2011.03.17

Drawbot Crazified

After I made the Friday Night Drawbot I told the folks at Sharpie about it, and they posted it on their blog.

The only problem was, I read their Terms and Conditions, and was unable to agree to all of them…

I figured I had a few options, either submit my post, and just ignore the wording of the Terms and Conditions, not submit my post at all (and I have done this in the past, given up on things due to the ToS, etc.) or I could submit it, but add a disclaimer… I opted for the disclaimer.

Terms and Conditions

I built a Drawbot that uses Sharpie Markers. (A Drawbot is a robot that can draw pictures)

Please note that in your Terms and Conditions I cannot agree to 3. B. (“each and every element of the Submission is an original work created by you” I used ideas that others have had, and code others have written. Drawbots have been around for many, many years. Open source hardware, and software, were used which were not created by me. I did however, write the post, and take all the photos. That work is all of my own.)

There was no way I could accept “every element of the Submission is an original work created by me” when I used other people’s code, other people’s ideas, and hardware that other people designed and built. Sharpie’s Terms and Conditions are not bad in any way, they just make it harder to take into account the culture of sharing that exists nowadays. I mean, lawyers like to see things in black and white, but there’s a whole lot of gray being created lately.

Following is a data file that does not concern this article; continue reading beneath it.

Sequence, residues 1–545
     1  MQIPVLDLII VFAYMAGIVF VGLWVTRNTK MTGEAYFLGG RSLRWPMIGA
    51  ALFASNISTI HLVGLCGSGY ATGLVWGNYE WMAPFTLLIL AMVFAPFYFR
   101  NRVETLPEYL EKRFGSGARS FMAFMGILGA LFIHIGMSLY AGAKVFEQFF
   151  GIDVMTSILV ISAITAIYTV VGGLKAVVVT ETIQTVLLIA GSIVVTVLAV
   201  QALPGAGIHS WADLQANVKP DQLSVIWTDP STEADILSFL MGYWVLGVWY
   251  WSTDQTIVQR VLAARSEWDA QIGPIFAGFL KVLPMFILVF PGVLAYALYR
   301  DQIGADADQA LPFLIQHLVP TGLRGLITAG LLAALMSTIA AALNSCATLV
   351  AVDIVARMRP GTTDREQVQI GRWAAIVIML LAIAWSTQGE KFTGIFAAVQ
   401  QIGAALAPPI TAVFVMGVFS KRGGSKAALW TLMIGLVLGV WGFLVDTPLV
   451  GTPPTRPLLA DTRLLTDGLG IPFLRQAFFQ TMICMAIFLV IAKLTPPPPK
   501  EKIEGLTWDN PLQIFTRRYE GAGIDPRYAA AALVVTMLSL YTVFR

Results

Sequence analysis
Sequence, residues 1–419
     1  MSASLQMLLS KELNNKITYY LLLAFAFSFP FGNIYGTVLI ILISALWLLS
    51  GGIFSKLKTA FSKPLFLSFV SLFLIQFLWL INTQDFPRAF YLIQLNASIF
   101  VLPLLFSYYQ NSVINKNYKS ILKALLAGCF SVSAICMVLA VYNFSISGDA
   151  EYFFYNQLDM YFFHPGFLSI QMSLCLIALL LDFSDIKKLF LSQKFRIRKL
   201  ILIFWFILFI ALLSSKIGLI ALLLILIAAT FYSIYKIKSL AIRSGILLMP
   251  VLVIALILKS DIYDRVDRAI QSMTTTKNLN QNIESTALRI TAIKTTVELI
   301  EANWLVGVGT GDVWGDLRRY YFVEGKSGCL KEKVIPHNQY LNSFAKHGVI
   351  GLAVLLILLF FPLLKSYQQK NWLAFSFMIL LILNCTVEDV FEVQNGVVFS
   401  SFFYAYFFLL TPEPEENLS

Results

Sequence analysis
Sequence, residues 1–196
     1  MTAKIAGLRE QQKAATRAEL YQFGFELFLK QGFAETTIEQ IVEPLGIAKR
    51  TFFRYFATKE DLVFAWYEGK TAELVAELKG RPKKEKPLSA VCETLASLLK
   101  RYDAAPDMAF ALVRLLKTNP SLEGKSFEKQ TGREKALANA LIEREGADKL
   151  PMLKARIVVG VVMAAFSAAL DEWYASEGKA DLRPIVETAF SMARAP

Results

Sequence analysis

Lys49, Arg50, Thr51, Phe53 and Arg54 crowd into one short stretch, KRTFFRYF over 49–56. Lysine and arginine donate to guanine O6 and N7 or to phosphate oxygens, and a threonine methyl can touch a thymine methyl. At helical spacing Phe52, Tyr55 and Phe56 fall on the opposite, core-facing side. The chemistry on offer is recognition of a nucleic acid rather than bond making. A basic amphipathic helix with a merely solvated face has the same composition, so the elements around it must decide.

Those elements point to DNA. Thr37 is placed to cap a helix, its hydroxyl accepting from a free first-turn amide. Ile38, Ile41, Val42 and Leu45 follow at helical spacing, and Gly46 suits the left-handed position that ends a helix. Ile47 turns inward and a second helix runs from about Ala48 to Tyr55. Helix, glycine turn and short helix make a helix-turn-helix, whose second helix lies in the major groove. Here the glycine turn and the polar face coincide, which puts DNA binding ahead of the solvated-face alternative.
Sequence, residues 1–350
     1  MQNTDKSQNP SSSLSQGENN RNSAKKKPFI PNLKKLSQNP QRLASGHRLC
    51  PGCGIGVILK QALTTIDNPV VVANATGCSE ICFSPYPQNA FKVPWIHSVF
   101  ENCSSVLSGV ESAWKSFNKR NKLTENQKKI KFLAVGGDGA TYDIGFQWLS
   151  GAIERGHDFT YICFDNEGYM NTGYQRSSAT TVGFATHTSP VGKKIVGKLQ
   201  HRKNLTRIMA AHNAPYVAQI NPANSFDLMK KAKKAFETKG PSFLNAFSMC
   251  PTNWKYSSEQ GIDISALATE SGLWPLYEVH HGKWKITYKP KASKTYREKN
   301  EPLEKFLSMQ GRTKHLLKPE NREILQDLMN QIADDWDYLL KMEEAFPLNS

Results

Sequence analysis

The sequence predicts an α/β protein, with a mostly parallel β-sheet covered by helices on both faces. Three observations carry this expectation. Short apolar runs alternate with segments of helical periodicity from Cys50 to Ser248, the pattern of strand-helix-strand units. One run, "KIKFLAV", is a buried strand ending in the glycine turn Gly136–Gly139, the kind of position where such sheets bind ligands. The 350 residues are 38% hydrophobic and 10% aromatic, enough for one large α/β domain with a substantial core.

So the next time you’re confronted with an agreement, and a text box, let them know what you can and cannot agree with.

Also, I’d like to thank Sharpie for posting submission, even with the “disclaimer” I added to the description. I’m assuming most people don’t have an issue with the Terms and Conditions. I am not most people, obviously.

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